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Issue #1801      November 1, 2017

An abuse of power

Maritime Union of Australia national secretary Paddy Crumlin has joined the chorus of criticism of raids by the Australian Federal police on Australian Workers’ union offices in Sydney and Melbourne last week, saying the Turnbull government has “lost the plot”.

The AFP executed search warrants in Melbourne and Sydney in support of the Registered Organisations Commission (ROC), which has been investigating donations made a decade ago to progressive campaign outfit GetUp.

Employment Minister Michaelia Cash referred the GetUp donations to the ROC, having said under parliamentary privilege that Bill Shorten – current ALP leader and former AWU secretary – had “serious questions to answer in relation to the $100,000 donation” to GetUp when he was the union’s national secretary and a GetUp board member.

“What happened next door at the AWU shows how the government has lost the plot,” Crumlin said today. “To attack GetUp! – they are mainstream and progressive like the rest of us.

“The media was outside, it’s clear that they were tipped off.

Senator Nick Xenophon has called for an independent inquiry to establish who tipped off the media prior to the AFP raids.

Senator Xenophon, who supported the legislation establishing the Registered Organisations Commission (ROC), said the very credibility and integrity of the ROC was at stake here.

“The public deserve to know how and why the media were tipped off about these raids. The tip-off compromises the integrity of the entire process,” he said.

“The rule of law is being turned into a farcical sideshow with tip-offs like this. It drags the AFP and ROC into a highly partisan and toxic environment.”

AWU national secretary Dan Walton said the AWU had nothing to hide.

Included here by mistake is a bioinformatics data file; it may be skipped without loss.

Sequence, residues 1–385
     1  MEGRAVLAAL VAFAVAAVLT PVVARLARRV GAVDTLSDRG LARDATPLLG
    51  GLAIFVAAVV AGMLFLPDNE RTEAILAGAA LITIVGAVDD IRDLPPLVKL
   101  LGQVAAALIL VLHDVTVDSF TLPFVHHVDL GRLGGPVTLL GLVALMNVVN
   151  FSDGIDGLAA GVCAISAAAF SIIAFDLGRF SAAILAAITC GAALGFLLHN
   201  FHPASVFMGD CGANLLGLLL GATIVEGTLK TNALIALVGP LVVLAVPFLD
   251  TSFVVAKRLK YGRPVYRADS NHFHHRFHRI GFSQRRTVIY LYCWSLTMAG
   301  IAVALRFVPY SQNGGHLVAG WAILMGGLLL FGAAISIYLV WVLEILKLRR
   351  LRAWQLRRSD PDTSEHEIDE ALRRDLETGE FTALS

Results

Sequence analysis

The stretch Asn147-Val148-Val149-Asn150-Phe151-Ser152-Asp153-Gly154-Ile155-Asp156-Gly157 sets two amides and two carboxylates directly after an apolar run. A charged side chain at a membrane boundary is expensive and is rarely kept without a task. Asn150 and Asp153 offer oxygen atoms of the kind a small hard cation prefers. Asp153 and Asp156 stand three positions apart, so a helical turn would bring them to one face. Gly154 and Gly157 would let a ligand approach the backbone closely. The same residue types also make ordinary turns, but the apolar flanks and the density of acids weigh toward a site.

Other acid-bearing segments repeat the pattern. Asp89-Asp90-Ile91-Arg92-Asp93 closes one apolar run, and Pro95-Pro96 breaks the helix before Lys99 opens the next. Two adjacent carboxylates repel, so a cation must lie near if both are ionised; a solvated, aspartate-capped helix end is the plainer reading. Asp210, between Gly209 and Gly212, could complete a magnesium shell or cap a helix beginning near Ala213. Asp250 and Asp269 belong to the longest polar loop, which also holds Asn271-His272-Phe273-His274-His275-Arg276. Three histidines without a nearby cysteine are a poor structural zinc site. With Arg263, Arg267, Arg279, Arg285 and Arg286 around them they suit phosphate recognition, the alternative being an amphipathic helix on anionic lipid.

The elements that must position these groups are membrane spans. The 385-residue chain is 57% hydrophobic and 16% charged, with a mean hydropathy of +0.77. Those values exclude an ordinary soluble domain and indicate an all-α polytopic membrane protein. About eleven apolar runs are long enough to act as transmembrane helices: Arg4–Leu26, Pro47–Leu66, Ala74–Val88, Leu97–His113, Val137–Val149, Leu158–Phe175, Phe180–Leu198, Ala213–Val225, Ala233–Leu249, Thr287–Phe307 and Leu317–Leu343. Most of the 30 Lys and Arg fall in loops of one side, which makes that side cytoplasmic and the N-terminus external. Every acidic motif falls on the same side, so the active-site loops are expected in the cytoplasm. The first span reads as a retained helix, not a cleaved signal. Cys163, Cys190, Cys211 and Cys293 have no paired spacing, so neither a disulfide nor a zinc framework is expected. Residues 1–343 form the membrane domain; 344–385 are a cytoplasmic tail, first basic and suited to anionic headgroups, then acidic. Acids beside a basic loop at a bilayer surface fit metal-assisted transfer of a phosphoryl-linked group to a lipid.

“This isn’t a question of whether or not the donation was made,” he said.

“This is a question of whether or not we filled in the paperwork correctly. And we ended up with 32 AFP police officers barging down the door.”

Walton branded the raids “an extraordinary abuse of police resources” and smear attempt.

“I’m quite comfortable to stand up here today to be able to say everything was above board,” he said.

ACTU secretary Sally McManus criticised the nakedly political use of the AFP in the action against working people and their representatives.

“Using the police in such a way, while refusing to do anything to prevent money laundering by terrorists and drug dealers by the big banks, demonstrates the government’s appalling priorities,” McManus said.

“This is the sort of action you would expect to see by an authoritarian dictator, and it has no place in Australia – all Australians should be disgusted.

“Malcolm Turnbull’s grubby political tactics and abuse of power to attack those who oppose his anti-worker policies is a new low.”

GetUp put out a statement condemned the strong-arm tactics of the Turnbull government.

“How a 12-year-old, very public donation to GetUp could lead to dramatic raids raises concerning questions,” the statement said. “This evening’s raids were about union rules and part of an investigation undertaken by the Registered Organisations Commission.

“GetUp has previously acknowledged receipt of a donation of $100,000 in the 2005-2006 financial year from the Australian Workers’ Union. GetUp handled that donation appropriately, and there is no suggestion otherwise.

“GetUp’s decision not to declare as an associated entity with the Australian Electoral Commission has nothing to do with this Registered Organisations Commission investigation of the AWU’s authorisation of its donations.

“They are entirely separate matters handled by separate agencies.”

GetUp national director Paul Oosting said the raids were yet another example of the federal government’s crackdown on organisations, experts and the community who are standing up for everyday Australians.

“This is part of a pattern from this government trying to silence its critics or anyone who challenges it.”

Next article – An enemy of ABC/SBS

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